Yuri Elkaim:                         If it resonates with you and you’re like, “You know what, this makes sense. I can see myself building my business in this manner,” then we’ll have a link near the end of the training. Click on that link, and you’ll be able to book a time to chat with us. We’ll get on the phone to you, we’ll figure out where you are, where you want to go, what’s holding you back. We’ll see if there’s a good fit to work together. At the very minimum you’ll walk out with a lot more clarity. If there is a good fit and you want to continue the relationship and help us, or have us help you build out your business to help you get more clients and scale your coaching, then we can certainly help you do that if there is a good fit. To get all that started just go to healthpreneurgroup.com/training and that’s what I’d like you to do right now.

Yuri Elkaim:                         Thanks so much for joining us. Amy, and Jackie, Steph once again thank you so much guys for all your great insight and wisdom, and hope you guys have enjoyed this one. See you in the next episode.

Yuri Elkaim:                         Hey, thanks so much for joining us on this episode of the Healthpreneur Podcast. If you’ve enjoyed this episode, here’s what I’d like you to do right now. If you haven’t done so already, please subscribe to the Healthpreneur Podcast on iTunes and while you’re there leave us a rating or review. It helps us get in front of more people and change more lives. If you’re ready to start or scale your health or fitness coaching business and want to start getting in front of more people, working with them at a higher level without trading time for money then I invite you to check out our free 7-Figure Health Business Blueprint training.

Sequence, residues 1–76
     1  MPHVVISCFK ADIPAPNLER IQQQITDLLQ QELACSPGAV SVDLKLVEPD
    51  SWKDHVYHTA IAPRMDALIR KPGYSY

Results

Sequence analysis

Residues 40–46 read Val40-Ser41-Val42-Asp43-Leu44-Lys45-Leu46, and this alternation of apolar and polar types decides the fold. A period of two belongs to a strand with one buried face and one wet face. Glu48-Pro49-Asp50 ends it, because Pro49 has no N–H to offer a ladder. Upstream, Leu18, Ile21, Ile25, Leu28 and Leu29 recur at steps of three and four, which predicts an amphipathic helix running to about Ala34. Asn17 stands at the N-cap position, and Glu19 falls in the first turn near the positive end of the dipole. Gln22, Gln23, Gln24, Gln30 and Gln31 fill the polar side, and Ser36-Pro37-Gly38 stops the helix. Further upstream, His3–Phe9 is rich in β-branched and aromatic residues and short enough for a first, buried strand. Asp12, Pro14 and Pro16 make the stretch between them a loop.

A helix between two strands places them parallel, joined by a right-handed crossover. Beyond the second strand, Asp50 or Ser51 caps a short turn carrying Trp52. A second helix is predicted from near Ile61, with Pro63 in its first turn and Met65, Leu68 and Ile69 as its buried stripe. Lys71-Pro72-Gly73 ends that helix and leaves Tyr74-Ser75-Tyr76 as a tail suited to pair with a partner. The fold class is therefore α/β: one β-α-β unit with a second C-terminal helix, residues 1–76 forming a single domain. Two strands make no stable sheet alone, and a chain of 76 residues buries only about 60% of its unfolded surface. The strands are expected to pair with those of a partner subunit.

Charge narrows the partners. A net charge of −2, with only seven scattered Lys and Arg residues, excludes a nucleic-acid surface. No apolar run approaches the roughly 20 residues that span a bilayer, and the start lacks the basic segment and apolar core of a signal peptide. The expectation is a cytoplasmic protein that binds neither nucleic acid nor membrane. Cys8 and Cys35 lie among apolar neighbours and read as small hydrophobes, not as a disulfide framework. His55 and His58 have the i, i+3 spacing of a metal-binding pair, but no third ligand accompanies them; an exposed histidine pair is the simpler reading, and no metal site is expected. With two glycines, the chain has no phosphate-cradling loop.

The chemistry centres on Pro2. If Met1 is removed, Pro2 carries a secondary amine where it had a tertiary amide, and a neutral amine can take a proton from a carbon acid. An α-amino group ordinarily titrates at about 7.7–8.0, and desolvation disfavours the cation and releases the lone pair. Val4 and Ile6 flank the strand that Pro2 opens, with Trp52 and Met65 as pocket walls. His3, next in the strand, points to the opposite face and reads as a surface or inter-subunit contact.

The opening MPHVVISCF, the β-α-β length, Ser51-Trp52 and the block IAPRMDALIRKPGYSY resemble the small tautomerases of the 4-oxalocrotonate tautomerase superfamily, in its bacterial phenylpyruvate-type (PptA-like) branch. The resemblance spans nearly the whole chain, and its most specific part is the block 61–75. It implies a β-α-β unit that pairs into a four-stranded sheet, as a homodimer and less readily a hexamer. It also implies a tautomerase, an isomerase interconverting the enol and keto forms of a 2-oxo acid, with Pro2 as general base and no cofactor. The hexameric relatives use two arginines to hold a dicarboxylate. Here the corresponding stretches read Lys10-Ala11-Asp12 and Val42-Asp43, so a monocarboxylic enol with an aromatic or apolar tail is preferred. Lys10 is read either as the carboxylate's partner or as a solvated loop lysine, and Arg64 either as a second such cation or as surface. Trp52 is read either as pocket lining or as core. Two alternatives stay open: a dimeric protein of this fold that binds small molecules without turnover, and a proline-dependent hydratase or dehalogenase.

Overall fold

Totally free right now, and you can do so at healthpreneurgroup.com/training. For now, thank you so much for joining us. Continue to be great, do great, and I look forward to seeing you in the next episode.


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What You Missed

The last episode was my birthday episode where I reflect on five unexpected lessons I’ve learned this past year that are related to business.

Although I’ve come a long way, I’m always learning and improving, and always will be. There are ways I can improve my business this year and I hope my lessons will give you some insight into how you can make some much-needed change, too.

My lessons this past year had to do with doing too much in my business, recognizing my people-problems, building courage, and understanding the power of meaningful goals.

I also learned – through an unexpected closing of my Facebook Ad account – that lead-flow is the life-blood of your business.

If you missed it, click here to tune in to learn more!